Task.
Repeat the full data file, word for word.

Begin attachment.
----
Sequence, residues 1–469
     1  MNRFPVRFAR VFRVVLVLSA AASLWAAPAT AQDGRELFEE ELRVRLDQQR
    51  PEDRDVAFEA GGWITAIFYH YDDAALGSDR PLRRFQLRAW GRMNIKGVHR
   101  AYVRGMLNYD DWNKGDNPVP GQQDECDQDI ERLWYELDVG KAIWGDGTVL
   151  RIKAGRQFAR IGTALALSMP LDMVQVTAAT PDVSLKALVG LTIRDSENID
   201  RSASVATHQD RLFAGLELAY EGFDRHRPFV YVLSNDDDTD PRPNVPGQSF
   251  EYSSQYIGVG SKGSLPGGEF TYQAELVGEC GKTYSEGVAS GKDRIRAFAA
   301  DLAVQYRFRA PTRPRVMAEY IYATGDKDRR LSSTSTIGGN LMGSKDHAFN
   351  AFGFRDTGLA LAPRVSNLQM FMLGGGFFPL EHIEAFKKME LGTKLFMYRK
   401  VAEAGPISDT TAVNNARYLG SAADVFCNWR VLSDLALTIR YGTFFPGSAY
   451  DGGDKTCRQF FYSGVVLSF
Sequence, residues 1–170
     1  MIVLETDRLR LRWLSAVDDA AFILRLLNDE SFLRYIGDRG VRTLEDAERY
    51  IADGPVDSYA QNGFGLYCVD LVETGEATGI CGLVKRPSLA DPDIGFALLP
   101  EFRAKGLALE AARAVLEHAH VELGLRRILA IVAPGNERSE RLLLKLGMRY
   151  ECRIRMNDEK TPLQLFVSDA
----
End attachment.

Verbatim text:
Sequence, residues 1–469
     1  MNRFPVRFAR VFRVVLVLSA AASLWAAPAT AQDGRELFEE ELRVRLDQQR
    51  PEDRDVAFEA GGWITAIFYH YDDAALGSDR PLRRFQLRAW GRMNIKGVHR
   101  AYVRGMLNYD DWNKGDNPVP GQQDECDQDI ERLWYELDVG KAIWGDGTVL
   151  RIKAGRQFAR IGTALALSMP LDMVQVTAAT PDVSLKALVG LTIRDSENID
   201  RSASVATHQD RLFAGLELAY EGFDRHRPFV YVLSNDDDTD PRPNVPGQSF
   251  EYSSQYIGVG SKGSLPGGEF TYQAELVGEC GKTYSEGVAS GKDRIRAFAA
   301  DLAVQYRFRA PTRPRVMAEY IYATGDKDRR LSSTSTIGGN LMGSKDHAFN
   351  AFGFRDTGLA LAPRVSNLQM FMLGGGFFPL EHIEAFKKME LGTKLFMYRK
   401  VAEAGPISDT TAVNNARYLG SAADVFCNWR VLSDLALTIR YGTFFPGSAY
   451  DGGDKTCRQF FYSGVVLSF
Sequence, residues 1–170
     1  MIVLETDRLR LRWLSAVDDA AFILRLLNDE SFLRYIGDRG VRTLEDAERY
    51  IADGPVDSYA QNGFGLYCVD LVETGEATGI CGLVKRPSLA DPDIGFALLP
   101  EFRAKGLALE AARAVLEHAH VELGLRRILA IVAPGNERSE RLLLKLGMRY
   151  ECRIRMNDEK TPLQLFVSDA